Metropolitan Opera Live in HD

Metropolitan Opera Live in HD

Metropolitan Opera Live in HD (also known as The Met: Live in HD) is a series of live opera performances transmitted in high-definition video via satellite from the Metropolitan Opera in New York City to select venues, primarily movie theaters, in the United States and other parts of the world. The first transmission was of a condensed English-language version of Mozart's Die Zauberflöte on December 30, 2006.

Contents

History

To transmit the series via satellite simulcast in the US, the Met has partnered with NCM Fathom, a division of National CineMedia. The series is broadcast to AMC Theatres, Cinemark, Regal Entertainment Group (Regal Cinemas, United Artists and Edwards), Goodrich, Kerasotes, Marcus and National Amusements movie theaters as well as a series of independent venues such as arts centres and college campuses. Its aims include building a larger audience for the Met and garnering excitement for arts at a local level.

The original idea for presenting operas in this way came from the new incoming general manager of the Met, Peter Gelb in late 2006. Exhibiting the Met's performances in digital movie theaters is in line with other audience-expanding efforts by the Met such as radio broadcasts on Sirius Radio, iPod downloads, live streaming video on the Met website, and free opening night screenings in Times Square and at Lincoln Center. The Met is also sponsoring free HD broadcasts into selected New York City public schools.[1]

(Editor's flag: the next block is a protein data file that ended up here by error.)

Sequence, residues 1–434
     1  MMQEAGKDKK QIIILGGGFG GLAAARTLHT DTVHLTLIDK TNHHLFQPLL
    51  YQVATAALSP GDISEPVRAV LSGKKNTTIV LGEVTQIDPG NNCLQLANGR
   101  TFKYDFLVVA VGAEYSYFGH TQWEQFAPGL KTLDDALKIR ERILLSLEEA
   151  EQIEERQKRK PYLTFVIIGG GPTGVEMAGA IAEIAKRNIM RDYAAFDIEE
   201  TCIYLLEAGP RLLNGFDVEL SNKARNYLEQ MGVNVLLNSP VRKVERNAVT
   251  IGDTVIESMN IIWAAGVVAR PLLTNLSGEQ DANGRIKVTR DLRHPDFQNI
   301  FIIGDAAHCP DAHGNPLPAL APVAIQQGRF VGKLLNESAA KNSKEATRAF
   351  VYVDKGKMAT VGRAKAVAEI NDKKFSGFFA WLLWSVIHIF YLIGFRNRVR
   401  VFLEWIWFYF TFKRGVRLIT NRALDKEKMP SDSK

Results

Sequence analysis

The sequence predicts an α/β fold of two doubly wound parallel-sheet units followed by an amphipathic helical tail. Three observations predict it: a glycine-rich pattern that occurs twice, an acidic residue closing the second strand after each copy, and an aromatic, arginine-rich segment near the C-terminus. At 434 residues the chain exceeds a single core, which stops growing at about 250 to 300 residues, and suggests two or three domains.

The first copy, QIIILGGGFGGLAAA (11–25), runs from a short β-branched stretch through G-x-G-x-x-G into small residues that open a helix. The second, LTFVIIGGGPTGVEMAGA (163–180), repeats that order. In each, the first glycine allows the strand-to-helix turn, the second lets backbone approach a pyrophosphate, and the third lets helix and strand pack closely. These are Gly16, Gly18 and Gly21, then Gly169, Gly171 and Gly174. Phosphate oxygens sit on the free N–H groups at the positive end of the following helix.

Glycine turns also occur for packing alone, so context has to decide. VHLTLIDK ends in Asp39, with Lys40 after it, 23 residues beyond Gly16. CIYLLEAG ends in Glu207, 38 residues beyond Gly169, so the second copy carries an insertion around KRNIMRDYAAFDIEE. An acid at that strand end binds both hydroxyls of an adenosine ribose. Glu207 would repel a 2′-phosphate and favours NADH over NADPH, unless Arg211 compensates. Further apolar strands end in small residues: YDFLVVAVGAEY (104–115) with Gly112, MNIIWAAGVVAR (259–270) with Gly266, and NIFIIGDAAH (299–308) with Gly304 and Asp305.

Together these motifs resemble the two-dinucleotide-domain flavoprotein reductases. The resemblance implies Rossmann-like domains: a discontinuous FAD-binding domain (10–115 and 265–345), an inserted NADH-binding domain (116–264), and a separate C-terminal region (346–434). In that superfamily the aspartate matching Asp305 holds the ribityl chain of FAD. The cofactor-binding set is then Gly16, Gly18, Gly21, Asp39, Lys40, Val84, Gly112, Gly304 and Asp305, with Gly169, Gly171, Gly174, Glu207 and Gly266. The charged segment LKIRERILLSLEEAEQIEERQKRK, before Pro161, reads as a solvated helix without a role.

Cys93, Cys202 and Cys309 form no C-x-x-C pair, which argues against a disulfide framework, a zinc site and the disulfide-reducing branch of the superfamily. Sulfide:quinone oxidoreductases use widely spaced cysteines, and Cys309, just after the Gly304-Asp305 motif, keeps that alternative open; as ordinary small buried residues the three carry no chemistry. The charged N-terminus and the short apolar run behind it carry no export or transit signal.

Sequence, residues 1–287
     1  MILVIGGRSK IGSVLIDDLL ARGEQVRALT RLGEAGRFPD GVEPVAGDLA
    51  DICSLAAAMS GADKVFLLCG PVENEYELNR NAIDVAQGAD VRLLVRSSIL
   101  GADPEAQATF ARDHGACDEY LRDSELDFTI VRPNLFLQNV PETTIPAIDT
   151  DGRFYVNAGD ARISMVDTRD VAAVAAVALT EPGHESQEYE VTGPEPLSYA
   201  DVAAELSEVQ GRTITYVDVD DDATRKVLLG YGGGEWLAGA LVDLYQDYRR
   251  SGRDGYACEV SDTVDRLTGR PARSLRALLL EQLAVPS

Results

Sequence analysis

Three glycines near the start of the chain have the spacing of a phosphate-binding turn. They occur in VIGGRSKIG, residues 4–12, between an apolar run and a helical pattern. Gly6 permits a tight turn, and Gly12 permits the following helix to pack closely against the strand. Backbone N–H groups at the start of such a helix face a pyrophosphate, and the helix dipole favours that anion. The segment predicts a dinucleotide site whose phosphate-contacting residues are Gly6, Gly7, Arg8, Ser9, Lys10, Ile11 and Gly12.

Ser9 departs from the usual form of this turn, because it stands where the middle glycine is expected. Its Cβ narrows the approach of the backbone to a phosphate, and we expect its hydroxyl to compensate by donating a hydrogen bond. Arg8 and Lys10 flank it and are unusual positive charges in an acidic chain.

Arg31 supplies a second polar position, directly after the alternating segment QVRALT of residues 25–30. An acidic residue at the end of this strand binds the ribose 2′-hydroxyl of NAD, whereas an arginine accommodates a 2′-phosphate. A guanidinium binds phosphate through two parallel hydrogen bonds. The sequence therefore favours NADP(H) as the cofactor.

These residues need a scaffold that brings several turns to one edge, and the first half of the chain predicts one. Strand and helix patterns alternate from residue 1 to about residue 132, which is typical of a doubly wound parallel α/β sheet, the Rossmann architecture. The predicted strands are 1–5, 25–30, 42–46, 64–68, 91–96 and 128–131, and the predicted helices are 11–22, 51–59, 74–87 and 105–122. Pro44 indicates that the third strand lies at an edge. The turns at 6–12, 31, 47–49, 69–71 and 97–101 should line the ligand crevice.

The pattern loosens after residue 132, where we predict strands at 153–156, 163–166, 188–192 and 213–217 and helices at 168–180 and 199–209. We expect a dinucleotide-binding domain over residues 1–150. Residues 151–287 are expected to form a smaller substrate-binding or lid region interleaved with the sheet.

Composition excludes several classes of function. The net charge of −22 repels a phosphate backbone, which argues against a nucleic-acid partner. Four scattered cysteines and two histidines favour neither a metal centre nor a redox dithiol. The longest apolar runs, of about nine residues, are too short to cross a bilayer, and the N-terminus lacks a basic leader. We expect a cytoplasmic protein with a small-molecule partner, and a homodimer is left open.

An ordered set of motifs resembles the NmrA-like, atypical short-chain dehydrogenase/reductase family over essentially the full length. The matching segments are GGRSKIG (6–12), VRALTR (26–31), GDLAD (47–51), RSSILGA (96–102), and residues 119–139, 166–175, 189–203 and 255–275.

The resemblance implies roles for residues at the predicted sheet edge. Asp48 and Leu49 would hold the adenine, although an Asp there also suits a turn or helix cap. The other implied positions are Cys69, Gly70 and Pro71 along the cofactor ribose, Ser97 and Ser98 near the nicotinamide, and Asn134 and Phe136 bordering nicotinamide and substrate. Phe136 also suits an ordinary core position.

The simulcasts allow more people to experience the excitement of the Met's high-quality performance offerings. This audience includes current opera fans unable to get to New York City to see the shows in person and potential opera fans looking for an easy, affordable method of checking out a new art form.

Tom Galley, chief operations and technology officer of National CineMedia, describes the experience by saying:

"This Metropolitan Opera series is a unique opportunity for people to experience world-class opera in their local community, plus the movie theatre environment and affordable ticket price make these events something that the entire family can enjoy. If you’ve never had the pleasure of attending a live opera performance before, this is the perfect opportunity to see why this magical art form has captured audiences’ imaginations for generations."[citation needed]

In the US, the series has also been broadcast in both high definition and regular TV as part of the Public Broadcasting Service's Great Performances series. In addition, selected performances can now be viewed online.[2]

International expansion

The first season included seven theatres in Britain, two in Japan and one in Norway. After its successful launch, several other countries joined for the second season and 100 screens were added, selling an additional 20,000 tickets.[citation needed] These included cinemas in Belgium, France, Germany, Italy, and Spain.